A tropical storm moving west from Mexico continues to weaken and will likely dissipate when it begins to approach Hawai‘i, according to the National Weather Service’s National Hurricane Center.
Elida, which was a Category II hurricane with sustained wind speeds eclipsing 100 miles per hour as recently as Wednesday, was downgraded to Category I yesterday with maximum wind speeds of 80 mph in the morning
and around 75 mph in the evening.
At 5 p.m. yesterday, the storm’s center was located “1,030 miles west-southwest of the southern tip of Baja California” and was moving west at 15 mph, according to a public advisory.
A “five-day cone” on the NHC’s Web site projected the storm to potentially be just off the coast of the Hilo area of the Big Island by Tuesday.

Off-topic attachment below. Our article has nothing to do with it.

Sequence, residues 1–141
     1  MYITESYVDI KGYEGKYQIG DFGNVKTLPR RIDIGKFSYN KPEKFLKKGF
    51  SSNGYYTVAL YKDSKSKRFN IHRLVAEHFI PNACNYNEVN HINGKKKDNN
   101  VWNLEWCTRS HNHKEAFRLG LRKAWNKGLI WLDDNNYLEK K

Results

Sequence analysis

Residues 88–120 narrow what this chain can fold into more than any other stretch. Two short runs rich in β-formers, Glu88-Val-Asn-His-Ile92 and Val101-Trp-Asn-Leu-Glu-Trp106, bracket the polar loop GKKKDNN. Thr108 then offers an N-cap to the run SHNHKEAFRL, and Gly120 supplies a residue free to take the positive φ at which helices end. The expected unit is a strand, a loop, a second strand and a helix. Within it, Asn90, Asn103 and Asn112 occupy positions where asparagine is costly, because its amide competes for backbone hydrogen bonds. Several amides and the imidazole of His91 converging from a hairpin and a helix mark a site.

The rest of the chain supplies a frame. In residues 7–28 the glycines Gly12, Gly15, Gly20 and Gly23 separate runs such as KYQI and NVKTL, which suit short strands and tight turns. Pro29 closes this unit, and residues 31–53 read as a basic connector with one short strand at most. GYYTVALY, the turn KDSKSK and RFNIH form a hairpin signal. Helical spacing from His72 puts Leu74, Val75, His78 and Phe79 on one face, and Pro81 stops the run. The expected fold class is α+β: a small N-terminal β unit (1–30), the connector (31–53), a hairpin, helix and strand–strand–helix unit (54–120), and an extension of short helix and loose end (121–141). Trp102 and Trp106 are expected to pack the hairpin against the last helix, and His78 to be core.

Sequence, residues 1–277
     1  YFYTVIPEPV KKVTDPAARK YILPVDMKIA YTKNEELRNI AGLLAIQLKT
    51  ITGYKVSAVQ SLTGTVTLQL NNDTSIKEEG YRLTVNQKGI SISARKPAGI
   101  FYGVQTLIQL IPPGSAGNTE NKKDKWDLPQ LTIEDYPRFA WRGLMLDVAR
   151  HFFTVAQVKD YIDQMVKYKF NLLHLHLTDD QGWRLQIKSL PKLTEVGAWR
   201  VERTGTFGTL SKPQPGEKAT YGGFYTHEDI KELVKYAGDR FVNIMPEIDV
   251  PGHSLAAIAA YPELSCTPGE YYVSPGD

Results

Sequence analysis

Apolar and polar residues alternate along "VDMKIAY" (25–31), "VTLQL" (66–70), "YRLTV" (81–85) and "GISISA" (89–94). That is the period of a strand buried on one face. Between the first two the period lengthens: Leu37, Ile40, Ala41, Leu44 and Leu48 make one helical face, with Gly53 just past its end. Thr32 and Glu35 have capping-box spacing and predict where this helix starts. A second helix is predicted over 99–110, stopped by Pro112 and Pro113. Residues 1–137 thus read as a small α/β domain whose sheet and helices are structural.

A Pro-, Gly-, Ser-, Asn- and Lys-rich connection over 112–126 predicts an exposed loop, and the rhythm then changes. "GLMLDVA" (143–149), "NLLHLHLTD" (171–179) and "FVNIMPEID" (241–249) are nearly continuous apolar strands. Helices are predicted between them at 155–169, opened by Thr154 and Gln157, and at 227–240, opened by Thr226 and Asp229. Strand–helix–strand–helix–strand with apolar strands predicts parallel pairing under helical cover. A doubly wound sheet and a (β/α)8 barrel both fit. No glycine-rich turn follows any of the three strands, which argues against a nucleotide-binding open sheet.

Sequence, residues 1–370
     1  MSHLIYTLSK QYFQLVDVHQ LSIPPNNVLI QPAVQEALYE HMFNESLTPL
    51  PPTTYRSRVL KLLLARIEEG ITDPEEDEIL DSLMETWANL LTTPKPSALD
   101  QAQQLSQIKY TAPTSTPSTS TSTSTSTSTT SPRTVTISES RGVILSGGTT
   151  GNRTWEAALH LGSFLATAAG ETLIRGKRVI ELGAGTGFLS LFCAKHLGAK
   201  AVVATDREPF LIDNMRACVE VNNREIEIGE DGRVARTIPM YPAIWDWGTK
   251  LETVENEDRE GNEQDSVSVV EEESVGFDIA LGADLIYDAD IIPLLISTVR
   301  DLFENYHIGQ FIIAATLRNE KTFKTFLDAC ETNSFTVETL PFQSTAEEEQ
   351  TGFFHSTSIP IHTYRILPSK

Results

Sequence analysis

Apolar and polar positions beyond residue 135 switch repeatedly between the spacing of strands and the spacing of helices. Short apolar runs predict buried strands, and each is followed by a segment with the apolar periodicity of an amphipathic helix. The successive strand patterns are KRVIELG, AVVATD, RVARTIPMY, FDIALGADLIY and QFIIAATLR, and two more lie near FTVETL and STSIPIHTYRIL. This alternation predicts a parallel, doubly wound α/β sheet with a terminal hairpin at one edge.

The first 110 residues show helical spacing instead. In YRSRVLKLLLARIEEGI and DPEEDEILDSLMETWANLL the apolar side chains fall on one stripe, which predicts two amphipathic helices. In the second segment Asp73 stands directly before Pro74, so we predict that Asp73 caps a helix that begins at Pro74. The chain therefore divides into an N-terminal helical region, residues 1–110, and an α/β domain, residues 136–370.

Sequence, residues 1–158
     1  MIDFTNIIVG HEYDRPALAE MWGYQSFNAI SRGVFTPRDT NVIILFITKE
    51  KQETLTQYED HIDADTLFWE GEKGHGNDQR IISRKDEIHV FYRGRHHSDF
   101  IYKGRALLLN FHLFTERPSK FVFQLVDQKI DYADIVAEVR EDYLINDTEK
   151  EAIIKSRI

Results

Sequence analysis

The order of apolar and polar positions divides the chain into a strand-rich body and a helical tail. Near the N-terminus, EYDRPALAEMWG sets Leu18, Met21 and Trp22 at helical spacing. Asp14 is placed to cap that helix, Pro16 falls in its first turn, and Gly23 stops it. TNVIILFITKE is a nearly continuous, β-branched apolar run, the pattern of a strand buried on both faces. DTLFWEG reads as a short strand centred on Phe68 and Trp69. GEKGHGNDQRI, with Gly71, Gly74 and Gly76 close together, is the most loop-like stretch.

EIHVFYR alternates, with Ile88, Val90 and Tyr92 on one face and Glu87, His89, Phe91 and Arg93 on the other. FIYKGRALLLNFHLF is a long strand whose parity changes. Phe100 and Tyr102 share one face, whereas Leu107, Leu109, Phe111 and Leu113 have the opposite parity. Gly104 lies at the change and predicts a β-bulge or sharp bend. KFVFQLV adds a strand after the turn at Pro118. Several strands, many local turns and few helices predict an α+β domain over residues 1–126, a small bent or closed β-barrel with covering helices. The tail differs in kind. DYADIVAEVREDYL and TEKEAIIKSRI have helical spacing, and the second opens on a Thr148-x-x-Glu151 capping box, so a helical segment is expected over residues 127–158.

However, a wind speed probability table also on the Web site forecasted maximum wind speeds of 65 mph for today, 50 mph for tomorrow, 35 mph for Sunday, 30 mph for Monday and 30 mph on Tuesday.
National Oceanic and Atmospheric Administration spokeswoman Delores Clark said Wednesday that the Central Pacific Hurricane Center would be activated only if the hurricane crosses the 140-degree west longitudinal line.
A second tropical storm is strengthening off of Mexico’s west coast, with Fausto expected to be upgraded to a Category I hurricane today.
Fausto is also forecasted to weaken before it approaches the central Pacific.
For more information, visit www.nhc.noaa.gov
• Michael Levine, staff writer, can be reached at 245-3681 (ext. 252) or via e-mail at email@example.com